AHRQ and the Medical Home: Building a Blueprint David Meyers, MD Director, AHRQ Center for Primary Care AHRQ Annual Conference September, 2010. Disclosures. The speaker has no financial or other conflicts of interest to report. Disclosures.
AHRQ and the Medical Home:Building a BlueprintDavid Meyers, MDDirector, AHRQ Center for Primary Care AHRQ Annual ConferenceSeptember, 2010
(After all, I’m a bureaucrat)
in Support of the PCMH (15 min)
Senior Researcher, MPR
Vice President, ACP
To improve the quality, safety, efficiency, and effectiveness of health care for all Americans
AHRQ recognizes that
the Nation’s primary care system
is foundational to achieving
high-quality, accessible, efficient health care for all Americans.
Quality and safety
Physician directed practice
Whole person orientation
Quality and safety
PaymentAHRQ and the Joint Principles Closely Aligned
Policy options include:
Adding explicit functionalities that directly support the PCMH model to the recently released EHR certification standards and criteria.
Adding meaningful use requirements that support the PCMH model for stages 2 and 3 of the EHR Incentive Program.
Funding the provision of technical assistance to primary care practices on PCMH transformation alongside the planned assistance on health IT adoption through Regional Extension Centers (RECs) or through a Primary Care Extension Service.
How can policymakers ensure that the PCMH is responsive to and reflective of the goals, preferences, and needs of patients?
By promoting the involvement of patients and families in the medical home at three levels:
Policy options include:
Both sections authorized without the appropriation of funds
Please visit and help us spread the word
September 27, 2010
AHRQ Annual Conference
Debbie Peikes, Ph.D.
Payers/insurers: Will the PCMH reduce costs enough to cover the payments to providers and in-kind supports?
Practices: Transformation requires staffing, IT changes, time, and $. Will these translate into more satisfaction, $?
Patients: Will experience and outcomes improve? Will premiums fall?
Vendors: Will this movement exist in 5 years?
Model isn’t actually implemented fully
Model is implemented, but does not work
Decreases satisfaction of patients
Decreases provider satisfaction
Simply proceeding without evidence may divert resources from other primary care transformations that would work
Document whether the PCMH model was implemented
Identify barriers and facilitators to being a medical home
Assess effectiveness to justify investment
Measure performance to reward providers differentially
Guide replication of successful features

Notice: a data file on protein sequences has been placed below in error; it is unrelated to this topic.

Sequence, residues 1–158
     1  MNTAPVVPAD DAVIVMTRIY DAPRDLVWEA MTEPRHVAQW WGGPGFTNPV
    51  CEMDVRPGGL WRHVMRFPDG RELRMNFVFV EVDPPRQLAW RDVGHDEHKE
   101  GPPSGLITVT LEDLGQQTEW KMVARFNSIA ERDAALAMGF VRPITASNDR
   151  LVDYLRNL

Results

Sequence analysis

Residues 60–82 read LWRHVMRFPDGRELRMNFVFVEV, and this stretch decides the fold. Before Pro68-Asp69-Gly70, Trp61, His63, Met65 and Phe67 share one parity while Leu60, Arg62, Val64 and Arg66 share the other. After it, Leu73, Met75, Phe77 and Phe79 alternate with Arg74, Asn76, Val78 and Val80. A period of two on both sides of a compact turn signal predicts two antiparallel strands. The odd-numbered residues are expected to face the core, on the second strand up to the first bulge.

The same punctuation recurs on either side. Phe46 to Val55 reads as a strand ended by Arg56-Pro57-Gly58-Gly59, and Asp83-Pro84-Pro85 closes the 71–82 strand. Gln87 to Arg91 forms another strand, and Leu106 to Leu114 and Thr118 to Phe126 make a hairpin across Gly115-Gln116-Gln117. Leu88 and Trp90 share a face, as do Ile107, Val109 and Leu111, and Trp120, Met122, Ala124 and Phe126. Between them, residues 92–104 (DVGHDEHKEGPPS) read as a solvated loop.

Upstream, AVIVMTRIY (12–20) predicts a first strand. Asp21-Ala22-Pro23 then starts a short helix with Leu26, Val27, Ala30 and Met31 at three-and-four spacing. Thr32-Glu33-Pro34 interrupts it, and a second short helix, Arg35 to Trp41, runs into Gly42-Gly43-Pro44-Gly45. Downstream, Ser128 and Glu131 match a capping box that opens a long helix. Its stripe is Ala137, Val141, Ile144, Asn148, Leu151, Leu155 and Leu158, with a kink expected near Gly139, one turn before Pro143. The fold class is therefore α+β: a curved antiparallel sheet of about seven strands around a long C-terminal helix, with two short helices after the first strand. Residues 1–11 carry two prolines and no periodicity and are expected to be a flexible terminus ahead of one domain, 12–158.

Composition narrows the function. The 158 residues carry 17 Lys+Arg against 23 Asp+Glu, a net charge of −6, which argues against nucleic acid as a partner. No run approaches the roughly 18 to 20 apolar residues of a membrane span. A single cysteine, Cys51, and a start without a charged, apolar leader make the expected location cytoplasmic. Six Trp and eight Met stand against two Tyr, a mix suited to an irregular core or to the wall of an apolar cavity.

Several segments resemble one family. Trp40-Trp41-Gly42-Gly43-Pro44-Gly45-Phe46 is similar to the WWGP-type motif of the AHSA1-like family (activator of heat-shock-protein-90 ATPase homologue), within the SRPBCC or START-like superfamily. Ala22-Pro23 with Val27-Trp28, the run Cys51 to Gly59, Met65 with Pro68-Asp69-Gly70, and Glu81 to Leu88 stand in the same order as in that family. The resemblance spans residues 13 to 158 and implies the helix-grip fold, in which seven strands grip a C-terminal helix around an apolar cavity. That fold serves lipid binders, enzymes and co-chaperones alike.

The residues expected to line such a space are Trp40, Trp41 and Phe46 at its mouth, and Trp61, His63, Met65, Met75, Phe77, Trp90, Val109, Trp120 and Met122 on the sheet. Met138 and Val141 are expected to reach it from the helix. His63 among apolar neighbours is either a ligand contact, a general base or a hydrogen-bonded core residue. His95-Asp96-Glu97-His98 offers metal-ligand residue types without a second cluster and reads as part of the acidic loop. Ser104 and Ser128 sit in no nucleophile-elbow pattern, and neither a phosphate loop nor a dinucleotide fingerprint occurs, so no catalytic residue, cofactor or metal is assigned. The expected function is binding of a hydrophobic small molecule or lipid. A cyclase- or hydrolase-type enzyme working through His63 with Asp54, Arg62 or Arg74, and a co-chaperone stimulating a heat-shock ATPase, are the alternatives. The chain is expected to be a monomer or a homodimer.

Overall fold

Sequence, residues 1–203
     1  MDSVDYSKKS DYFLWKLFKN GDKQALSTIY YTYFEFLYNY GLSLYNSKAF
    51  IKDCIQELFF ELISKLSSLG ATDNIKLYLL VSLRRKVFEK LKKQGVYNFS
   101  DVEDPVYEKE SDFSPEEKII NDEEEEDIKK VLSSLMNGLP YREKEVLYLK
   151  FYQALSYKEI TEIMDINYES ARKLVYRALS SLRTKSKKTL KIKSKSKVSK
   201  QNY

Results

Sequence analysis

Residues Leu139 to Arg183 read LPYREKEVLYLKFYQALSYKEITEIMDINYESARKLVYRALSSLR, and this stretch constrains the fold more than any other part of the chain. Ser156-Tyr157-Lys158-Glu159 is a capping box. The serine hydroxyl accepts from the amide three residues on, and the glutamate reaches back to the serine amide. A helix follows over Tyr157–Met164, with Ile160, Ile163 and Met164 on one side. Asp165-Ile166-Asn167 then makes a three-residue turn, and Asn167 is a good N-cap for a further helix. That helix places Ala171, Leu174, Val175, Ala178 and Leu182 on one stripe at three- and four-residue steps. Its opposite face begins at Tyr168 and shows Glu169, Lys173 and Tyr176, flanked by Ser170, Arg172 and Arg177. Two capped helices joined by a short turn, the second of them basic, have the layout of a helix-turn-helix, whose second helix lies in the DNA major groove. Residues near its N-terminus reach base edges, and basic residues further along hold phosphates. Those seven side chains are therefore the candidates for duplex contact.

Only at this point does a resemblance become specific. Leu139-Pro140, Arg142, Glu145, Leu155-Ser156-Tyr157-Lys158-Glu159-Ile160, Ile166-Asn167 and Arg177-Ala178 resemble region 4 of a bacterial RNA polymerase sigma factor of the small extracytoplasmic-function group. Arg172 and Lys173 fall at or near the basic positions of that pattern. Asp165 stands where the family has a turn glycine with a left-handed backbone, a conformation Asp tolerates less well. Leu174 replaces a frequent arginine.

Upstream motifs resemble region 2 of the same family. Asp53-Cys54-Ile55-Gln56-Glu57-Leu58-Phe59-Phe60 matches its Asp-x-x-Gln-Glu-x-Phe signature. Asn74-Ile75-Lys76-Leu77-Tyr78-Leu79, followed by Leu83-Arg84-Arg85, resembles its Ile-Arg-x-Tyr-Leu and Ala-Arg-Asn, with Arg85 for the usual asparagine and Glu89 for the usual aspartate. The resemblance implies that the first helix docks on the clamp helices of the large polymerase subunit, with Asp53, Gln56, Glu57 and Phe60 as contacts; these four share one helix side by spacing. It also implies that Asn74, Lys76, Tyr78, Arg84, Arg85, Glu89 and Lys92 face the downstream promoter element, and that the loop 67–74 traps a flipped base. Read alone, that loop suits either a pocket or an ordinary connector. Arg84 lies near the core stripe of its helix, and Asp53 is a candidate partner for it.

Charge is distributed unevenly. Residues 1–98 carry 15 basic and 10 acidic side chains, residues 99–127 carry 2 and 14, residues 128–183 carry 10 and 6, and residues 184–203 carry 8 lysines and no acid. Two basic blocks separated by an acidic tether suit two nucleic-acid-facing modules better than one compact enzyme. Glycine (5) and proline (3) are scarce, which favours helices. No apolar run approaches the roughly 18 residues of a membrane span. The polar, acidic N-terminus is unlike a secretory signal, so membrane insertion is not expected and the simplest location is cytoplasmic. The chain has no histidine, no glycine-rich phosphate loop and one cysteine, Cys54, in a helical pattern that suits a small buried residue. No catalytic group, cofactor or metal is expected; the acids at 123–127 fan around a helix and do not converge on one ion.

Efforts needed to reach MH criteria (time, internal and external resources, $)
Limits, potential of health IT
Ease of changing staffing and workflows
Resources required from outside the practice
Best practices and models
For patient outreach, recruitment, and engagement
For chronic care, etc.
Disease-specific and population-based quality of care measures
Process: Evidence-based care (e.g., foot exams for patients with diabetes)
Outcomes: Ambulatory-care sensitive complications
Coordination of care (harder to measure)
If providers are worse off, they won’t want to do this
Service use and cost
If this isn’t cost neutral or cheaper, payers won’t play
Well designed studies are not testing the full medical home (e.g., Guided Care, GRACE), or do so in a closed system (Group Health), or don’t have access to cost data (NDP)
Many studies are poorly designed, or do not report methods (e.g., North Carolina)
Many planned studies are too short, have not represented the counterfactual, do not address clustering, and are underpowered
Standardized measures of different medical home models to test variants
Fair comparison groups-similar before the intervention
At the practice level
At the patient level
Consider random assignment, staggered rollouts
Information on best claims-based approaches to attribute patients to their practices
Need time to allow transformation to happen
Most evaluations are using only 1.5–2 years
Statistical techniques that account for clustering at the practice level
Not doing so will give false positives
Large sample sizes
We may erroneously find no effect because practices don’t have enough time to change or there isn’t enough sample to detect change
Costs vary so much it is difficult to separate intervention effects from random noise (this affects P4P too!)
Data repositories and guidelines for cross-walking all payer claims data
Well defined intermediate and final outcome measures that are comparable across studies
Grant funding from Pfizer and UnitedHealthGroup to support program development (ACP Medical Home Builder)
Quality improvement programs sponsored by pharmaceutical companies as part of ACPNet & ACP Closing the Gap
"I put a dollar in a change machine. Nothing changed." Needs of Researchers— George Carlin
Patient-Centered Medical Home
Health Care Home
Person-Centered Health Care Home
Certified EHR Technology
Accountable Care Act (PPACA, ACA)
Maintenance of Certification
Physician Quality Reporting Initiative – PQRI
E-prescribing Incentive Program
Drawing by: M.C. Escher
Honestly, I have given up on all my professional organizations - they simply cannot or will not understand the point of view of the solo practitioner.
Haven't we given up enough of our autonomy? Aren't enough non-physicians in control of our destiny as it is?
I agree that there are a lot of issues in medicine today (billing, paperwork, bureaucracy to name only a few). However, if those issues render you cold and uncaring, my friend, I strongly suggest you find another profession.
…the complex requirements of "meaningful use" mainly serve the EHR companies (who, not surprisingly, had a hand in developing the rule).